The Taskmaster (aka Chris Ross) explains what to do, how to do it and why for bonsaists in the San Francisco Bay Area.
December in the Northern Bay Area microclimates is an uncertain time. cold or even frosty nights can easily be followed by afternoons of 65° or so, and then the next three days could be rain. You just never know. but the truth is that it doesn’t matter. In your well-ordered garden world, you will be ready for whatever comes. Here’s how.
Our relatively warmer Winters means the trees never really stop growing. They may slow to a crawl, but during periods when the soil temperature warms a bit the roots grow a bit and the branches and trunks thicken a little. This means two major things: Number one is that the trees can be fertilized on a regular schedule and it just might do them some good come Spring. Big debates in some quarters about this, but many growers in mediterranean climates use an organic fertilizer (most of which are naturally slow-release substances) with low nitrogen ( all numbers in the below ten range) all year long. Number two is that unlike in colder climates, mosses, unhelpful fungus, and weeds, and even some bugs like ants and scale will continue to be a problem on a regular basis. Spray a fifty-fifty white vinegar and water solution on mosses and bark fungus during a dry day or two and it will all turn brown and much drier so that it can all be gently brushed away without rubbing so hard that the bark is damaged on trunks, exposed roots, and branches and crotches. Don’t miss the end of December and end of January dormant spraying, especially if you missed the end of November one. Horticultural oils of various types are industry standards in agriculture and they work great. Read the labels and measure exactly. The mixture is lighter by half for the trees like junipers and others that are still green and growing. This should kill scale and other overwintering critters so that you don’t have to fight bigger and more damaging groups of them later. Do a very thorough job and cover the soil with newspaper when spraying so the oils don’t enter the soil. Repeat the whole process if it rains within thirty six hours.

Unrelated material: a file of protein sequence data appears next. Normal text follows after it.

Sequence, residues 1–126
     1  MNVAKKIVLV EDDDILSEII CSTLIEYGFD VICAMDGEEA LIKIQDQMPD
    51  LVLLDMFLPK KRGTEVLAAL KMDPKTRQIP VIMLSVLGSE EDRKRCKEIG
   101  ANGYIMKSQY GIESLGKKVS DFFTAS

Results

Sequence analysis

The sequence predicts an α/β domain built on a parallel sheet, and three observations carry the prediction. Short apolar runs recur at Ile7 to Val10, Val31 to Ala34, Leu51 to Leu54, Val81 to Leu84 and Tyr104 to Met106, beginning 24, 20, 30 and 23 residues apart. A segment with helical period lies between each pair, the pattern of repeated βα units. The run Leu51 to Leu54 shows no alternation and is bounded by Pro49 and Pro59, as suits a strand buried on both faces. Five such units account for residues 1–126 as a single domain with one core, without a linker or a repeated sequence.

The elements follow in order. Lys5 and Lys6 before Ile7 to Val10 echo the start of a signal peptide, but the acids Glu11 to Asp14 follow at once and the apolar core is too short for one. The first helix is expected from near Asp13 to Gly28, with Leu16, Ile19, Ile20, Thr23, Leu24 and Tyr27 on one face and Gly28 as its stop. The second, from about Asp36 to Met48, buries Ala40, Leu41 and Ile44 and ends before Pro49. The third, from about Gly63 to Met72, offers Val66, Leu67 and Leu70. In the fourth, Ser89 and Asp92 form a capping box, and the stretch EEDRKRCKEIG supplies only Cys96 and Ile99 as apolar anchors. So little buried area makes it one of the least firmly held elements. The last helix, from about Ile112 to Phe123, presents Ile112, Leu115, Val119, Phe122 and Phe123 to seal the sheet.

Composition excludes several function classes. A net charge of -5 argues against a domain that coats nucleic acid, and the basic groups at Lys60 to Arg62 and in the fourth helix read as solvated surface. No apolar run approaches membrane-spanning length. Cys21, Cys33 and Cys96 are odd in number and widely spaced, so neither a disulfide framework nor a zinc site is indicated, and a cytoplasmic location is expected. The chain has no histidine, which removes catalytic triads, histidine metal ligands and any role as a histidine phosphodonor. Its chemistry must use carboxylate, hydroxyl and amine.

When it rains too frequently the pots should be propped up on one end to help them drain. When it rains too lightly, you have to go scratch at the soil with a chopstick to see if the water actually penetrated the soil, especially on evergreens and conifers. When it doesn’t rain, scratch again to make sure that the tree is really dry enough to need the water you want to give it.
When frost comes, or freezing below 36° for too many hours, put the pots under the eaves of the house or under their benches and protect from wind. Tropicals and the smaller pots and tender plants need protection when the temperature goes below 40°. But some trees fruit better or flower better if they get a light frost now and then, so just keep a close eye on the actual weather, not just the weather report.
Wiring this time of year on deciduous trees is possible, and some people do it, but if you injure the tree this time of year it will be very slow to heal, sometimes with ugly or even deadly consequences. And it’s easy to knock off buds and spurs that will be needed later. And there’s very little woody growth to make the wiring really worthwhile by the end of Winter. And you really shouldn’t bend big branches or make radical bends now. You may decide it’s best to just wait for the Spring push for deciduous wiring. Maybe stick to conifers and evergreens for Winter wiring.
Take some pictures of your trees against a North wall or in neutral light because the camera will make you see things that your eye misses. Prop them up on some bean bags to find a new angle or even a new design for the future and pull out that picture to use as a guide when you finally get to repot. Use the Winter to try to see future possibilities for your garden, for your trees, for your own life. The possibilities are endless, and none of it happens unless you take the time to think it through.
– The Taskmaster